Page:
5 Veni awards for research at the TU Delft

News - 27 July 2017

The Netherlands Organisation for Scientific Research (NWO) has awarded the Veni grants this week. The Veni grant provides highly promising young scientists with the opportunity to further elaborate their own ideas during a period of three years.

Awarded projects:


Javier Alonso-Mora - Robots among humans: safe and socially intuitive navigation


Cognitive Robotics, Faculty Mechanical, Maritime and Materials Engineering
In the near future millions of robots, autonomous cars and boats, will coexist with humans. This research will provide algorithms that allow a mobile robot to safely navigate and coordinate with other robots and humans. In cooperation with the Amsterdam Institute for Advanced Metropolitan Solutions (AMS)

Mark Bisschops - Aging yeast to understand dementia


Biotechnology, Faculty of Applied Sciences
This project aims at developing and using powerful yeast model systems for Alzheimer’s and Parkinson’s disease research. To do so, humanized yeast cells will be studied in a state that mimics the non-dividing, yet active state of neurones, using advanced and innovative cultivation techniques.

Anne Pluymakers - Are rocks made out of sugar: how does a realistic pore fluid chemistry influence rock mechanics?


Geoscience & Engineering, Faculty of Civil Engineering and Geosciences
Potential consequences of waste water injection and drilling for geothermal energy are hot topics when discussing the use of the subsurface. This research will use novel experimental techniques to determine how the chemical interaction between fluids and rocks influences rock strength and the formation of fractures and fluid pathways.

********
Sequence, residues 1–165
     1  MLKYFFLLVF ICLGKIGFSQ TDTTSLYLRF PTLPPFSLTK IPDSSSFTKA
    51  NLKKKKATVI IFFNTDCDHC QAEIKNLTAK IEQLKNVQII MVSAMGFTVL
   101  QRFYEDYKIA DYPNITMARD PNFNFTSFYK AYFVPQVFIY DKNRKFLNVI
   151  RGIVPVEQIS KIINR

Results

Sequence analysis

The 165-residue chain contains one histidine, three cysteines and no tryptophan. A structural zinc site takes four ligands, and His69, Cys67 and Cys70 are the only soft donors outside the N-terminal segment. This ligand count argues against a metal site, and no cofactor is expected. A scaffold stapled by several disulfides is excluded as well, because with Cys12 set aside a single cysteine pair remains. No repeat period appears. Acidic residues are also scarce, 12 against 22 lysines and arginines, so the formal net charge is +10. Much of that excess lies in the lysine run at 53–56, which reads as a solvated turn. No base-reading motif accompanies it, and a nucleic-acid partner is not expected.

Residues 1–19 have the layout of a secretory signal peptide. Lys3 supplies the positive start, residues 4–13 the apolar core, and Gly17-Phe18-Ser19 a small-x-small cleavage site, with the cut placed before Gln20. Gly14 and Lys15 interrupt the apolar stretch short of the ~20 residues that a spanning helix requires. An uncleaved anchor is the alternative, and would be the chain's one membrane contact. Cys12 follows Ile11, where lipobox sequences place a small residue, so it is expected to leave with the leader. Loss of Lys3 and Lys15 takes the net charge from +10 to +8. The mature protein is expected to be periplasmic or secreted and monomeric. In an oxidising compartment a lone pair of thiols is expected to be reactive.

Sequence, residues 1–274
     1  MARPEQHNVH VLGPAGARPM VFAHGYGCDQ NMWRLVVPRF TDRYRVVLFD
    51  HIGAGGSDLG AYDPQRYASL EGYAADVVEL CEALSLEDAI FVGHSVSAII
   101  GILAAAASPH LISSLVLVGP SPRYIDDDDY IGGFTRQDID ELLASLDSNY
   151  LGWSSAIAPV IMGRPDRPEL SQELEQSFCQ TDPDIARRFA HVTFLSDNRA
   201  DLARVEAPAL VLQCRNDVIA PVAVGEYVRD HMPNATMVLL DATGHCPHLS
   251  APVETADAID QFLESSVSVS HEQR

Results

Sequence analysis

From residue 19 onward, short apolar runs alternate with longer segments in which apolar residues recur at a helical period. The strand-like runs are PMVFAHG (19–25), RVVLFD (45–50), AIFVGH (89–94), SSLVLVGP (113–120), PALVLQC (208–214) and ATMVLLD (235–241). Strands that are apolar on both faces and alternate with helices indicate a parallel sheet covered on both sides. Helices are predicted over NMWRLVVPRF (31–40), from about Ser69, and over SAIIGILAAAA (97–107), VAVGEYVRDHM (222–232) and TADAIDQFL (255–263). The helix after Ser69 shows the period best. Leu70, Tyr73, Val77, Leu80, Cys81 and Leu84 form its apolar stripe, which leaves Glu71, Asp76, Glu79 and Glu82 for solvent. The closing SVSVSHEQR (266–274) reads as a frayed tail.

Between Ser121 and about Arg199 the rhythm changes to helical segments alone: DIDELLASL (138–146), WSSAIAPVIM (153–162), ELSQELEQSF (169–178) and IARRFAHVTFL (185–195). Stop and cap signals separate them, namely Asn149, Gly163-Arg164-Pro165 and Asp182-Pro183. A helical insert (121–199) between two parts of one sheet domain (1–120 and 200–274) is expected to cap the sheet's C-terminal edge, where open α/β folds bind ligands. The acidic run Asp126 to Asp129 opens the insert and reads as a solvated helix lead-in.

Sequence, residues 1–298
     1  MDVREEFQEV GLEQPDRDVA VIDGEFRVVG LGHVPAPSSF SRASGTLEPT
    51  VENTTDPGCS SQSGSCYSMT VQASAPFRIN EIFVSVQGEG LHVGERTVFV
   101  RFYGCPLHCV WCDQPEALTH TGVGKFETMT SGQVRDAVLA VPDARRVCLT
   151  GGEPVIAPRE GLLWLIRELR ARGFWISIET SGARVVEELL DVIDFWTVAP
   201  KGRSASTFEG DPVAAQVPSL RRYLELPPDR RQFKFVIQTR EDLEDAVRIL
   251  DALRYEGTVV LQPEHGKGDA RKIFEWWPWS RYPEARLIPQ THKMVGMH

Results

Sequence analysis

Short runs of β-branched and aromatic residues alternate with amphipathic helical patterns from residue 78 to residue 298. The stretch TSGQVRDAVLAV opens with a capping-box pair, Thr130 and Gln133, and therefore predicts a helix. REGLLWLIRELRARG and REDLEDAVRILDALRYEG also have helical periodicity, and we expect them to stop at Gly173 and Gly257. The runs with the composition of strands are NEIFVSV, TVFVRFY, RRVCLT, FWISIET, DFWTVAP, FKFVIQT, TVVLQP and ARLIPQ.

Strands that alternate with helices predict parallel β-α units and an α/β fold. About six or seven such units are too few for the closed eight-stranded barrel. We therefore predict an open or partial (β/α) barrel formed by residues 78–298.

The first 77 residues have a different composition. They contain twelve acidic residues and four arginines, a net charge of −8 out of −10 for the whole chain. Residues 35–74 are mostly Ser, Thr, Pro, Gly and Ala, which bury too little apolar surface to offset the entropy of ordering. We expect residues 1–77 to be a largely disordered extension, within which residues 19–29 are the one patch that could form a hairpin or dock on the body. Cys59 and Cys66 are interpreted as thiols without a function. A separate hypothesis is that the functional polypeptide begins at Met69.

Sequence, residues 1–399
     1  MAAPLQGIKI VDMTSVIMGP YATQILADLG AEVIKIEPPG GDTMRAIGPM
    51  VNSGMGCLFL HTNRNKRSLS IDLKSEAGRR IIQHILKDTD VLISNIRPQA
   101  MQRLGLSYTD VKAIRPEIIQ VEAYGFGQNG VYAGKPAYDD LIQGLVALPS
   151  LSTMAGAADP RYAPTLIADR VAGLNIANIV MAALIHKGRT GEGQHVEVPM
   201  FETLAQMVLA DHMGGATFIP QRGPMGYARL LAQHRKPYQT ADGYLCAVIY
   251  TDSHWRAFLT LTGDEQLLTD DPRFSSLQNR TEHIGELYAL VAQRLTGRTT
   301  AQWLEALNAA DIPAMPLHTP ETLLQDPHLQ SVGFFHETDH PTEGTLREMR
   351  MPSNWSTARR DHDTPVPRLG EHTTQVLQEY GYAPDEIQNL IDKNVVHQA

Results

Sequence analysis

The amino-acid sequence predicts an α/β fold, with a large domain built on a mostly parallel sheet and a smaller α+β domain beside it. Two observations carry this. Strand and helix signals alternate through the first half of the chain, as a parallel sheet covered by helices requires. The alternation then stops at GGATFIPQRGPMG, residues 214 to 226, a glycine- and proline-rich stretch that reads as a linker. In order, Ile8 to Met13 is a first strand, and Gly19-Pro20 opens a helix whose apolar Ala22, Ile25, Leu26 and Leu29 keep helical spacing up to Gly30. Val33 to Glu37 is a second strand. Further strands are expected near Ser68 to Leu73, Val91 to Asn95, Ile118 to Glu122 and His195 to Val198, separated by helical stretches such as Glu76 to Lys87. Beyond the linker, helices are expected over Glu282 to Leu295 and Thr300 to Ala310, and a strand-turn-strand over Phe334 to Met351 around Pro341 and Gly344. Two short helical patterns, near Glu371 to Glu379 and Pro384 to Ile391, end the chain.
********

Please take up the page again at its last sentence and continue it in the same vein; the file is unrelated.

Andrea Sciacchitano - Deploying Uncertainty Quantification in Particle Image Velocimetry


Aerodynamics, Faculty of Aerospace Engineering
Particle Image Velocimetry (PIV) is a leading measurement technique for aerodynamic research. However, uncertainty of PIV data is mostly unknown, making PIV data unsuitable for aerodynamic certification and validation of numerical simulations. This VENI realizes the complete uncertainty quantification of PIV results by embedding uncertainty quantification in the experimental design.

Franklin Nobrega - Understanding inter-species gene exchange and compatibility

Bionanoscience, Faculty of Applied Sciences
A century of bacteriophage studies has resulted in the development of molecular biology and many genetic tools. However, phages themselves remain obscure entities. This research will address fundamental questions regarding recombination and exchange of genetic information between species, and will develop a platform for phage tailoring for bacterial control purposes.

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